Thursday, August 18, 2011

The secret bill

Parliament has just begun debating the secret bill, the Policing (Storage of Youth Identifying Particulars) Amendment Bill. The bill is a patch-up, designed to correct an inadvertent error in the 2008 Policing Act which has made it unlawful for police to retain identifying particulars (fingerprints and photos) of children and young people who have been through the youth justice system and subjected to a penalty less than conviction (e.g. family group conferences and restitution). It fixes the law, and retrospectively validates the current practice (which is what you do in such cases).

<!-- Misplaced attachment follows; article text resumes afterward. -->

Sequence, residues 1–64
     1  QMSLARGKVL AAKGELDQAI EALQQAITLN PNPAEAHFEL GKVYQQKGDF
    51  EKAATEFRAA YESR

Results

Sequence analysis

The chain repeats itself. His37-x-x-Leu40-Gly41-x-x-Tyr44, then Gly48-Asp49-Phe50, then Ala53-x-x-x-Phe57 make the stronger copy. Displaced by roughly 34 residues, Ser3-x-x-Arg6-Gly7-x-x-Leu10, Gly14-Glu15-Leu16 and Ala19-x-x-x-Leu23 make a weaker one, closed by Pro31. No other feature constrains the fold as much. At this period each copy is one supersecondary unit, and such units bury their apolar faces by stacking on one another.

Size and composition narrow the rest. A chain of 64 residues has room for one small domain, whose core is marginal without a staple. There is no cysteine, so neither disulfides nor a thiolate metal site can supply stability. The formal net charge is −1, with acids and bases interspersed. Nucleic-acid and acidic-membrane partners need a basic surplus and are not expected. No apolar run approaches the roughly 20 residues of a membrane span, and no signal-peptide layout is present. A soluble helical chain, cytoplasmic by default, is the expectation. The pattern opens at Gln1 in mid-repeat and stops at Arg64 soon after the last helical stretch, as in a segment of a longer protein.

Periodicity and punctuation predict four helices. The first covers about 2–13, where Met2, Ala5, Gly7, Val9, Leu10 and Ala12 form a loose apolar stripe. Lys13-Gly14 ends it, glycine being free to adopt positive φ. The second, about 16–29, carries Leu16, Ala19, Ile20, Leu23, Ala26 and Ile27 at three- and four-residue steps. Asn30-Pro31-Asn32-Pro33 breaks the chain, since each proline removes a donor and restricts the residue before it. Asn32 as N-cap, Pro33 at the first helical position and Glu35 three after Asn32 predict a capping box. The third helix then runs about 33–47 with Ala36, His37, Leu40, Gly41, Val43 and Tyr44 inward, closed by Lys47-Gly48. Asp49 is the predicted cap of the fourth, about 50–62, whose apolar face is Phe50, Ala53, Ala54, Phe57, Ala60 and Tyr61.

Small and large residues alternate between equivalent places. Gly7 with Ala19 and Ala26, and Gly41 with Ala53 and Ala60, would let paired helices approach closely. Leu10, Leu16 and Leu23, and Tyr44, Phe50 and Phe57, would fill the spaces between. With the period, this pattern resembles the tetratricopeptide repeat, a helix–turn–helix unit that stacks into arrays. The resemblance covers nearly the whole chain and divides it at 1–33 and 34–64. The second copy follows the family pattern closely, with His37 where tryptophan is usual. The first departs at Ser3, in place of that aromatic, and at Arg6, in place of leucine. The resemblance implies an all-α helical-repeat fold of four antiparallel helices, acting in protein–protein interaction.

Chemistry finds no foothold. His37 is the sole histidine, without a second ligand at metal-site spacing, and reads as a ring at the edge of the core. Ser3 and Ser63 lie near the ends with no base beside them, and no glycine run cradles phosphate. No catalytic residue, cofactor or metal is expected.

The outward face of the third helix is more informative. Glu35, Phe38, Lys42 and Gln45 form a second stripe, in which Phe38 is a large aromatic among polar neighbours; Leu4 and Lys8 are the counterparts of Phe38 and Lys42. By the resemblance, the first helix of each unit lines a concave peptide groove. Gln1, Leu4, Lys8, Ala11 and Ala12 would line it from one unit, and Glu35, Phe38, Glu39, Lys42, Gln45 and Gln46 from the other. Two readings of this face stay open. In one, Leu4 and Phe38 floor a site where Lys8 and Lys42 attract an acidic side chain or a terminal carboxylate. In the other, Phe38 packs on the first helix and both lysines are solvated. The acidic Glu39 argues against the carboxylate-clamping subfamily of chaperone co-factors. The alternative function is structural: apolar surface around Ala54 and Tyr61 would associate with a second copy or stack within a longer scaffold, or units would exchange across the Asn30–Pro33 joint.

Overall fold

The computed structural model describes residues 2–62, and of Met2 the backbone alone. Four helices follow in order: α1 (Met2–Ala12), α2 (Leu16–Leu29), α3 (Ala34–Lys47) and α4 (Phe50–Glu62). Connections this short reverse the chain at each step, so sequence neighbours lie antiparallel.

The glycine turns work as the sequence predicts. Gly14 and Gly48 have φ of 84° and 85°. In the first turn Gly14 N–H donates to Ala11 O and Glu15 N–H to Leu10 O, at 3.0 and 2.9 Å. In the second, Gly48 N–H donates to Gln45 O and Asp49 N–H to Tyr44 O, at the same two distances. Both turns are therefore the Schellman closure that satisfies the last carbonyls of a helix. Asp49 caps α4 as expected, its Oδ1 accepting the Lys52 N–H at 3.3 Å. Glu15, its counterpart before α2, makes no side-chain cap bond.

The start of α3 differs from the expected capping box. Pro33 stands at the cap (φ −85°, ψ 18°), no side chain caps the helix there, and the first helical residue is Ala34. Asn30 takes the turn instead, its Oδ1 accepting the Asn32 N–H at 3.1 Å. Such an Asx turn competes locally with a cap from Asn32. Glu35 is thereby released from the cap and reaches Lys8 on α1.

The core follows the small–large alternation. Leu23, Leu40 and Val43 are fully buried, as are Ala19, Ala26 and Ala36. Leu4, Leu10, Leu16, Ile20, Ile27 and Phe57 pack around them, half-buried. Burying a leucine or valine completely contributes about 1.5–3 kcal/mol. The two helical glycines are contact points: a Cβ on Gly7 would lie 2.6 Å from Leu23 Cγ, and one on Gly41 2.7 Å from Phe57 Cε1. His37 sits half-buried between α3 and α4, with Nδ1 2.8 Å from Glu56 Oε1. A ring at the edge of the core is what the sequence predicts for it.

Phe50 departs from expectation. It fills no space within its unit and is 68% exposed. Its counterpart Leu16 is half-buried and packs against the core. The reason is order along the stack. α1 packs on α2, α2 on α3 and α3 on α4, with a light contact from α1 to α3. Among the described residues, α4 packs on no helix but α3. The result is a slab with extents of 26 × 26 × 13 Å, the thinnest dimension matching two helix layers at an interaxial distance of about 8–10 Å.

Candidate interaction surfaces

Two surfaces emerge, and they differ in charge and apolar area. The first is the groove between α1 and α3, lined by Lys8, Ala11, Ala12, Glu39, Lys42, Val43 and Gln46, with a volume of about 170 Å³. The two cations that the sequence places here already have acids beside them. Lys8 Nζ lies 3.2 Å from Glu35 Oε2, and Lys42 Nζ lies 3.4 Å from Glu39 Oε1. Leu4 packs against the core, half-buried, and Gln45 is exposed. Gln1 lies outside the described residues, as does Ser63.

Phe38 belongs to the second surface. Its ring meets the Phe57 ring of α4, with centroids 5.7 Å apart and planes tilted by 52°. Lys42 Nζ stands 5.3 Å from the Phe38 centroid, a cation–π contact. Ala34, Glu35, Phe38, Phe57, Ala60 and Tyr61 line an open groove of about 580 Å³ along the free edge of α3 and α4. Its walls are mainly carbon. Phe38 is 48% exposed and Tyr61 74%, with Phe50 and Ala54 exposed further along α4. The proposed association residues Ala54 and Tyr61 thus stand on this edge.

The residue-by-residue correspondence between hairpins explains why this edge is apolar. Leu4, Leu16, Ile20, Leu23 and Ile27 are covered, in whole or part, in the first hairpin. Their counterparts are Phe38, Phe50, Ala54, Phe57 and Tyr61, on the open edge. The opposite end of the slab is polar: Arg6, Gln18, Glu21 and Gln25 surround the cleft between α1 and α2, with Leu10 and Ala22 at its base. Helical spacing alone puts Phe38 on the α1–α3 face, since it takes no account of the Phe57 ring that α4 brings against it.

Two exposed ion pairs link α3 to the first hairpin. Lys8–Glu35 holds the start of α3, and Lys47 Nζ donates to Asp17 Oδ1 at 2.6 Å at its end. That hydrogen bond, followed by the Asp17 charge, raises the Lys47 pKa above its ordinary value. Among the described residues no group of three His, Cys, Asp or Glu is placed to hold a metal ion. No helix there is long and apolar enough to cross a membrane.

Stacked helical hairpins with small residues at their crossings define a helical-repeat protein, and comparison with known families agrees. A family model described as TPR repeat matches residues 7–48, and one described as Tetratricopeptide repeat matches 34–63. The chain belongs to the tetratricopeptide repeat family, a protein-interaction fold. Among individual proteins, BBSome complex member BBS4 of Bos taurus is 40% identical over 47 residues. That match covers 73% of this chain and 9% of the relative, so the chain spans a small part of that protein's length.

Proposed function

As a patch up, I can see why this bill justifies all-stages urgency. The error wasn't a policy decision by Parliament, and significantly changed the status quo. What I can't see is any justification for secrecy. What harm would have been done by announcing the title of the bill? People might have sued the police? But according to the debate, the government has known about this problem since October last year, and the law is retrospective in any case. Instead, the secrecy just seems to be an example of National's pathological control-freakery and authoritarianism. Their psychological problems should not be allowed to damage our democracy like this.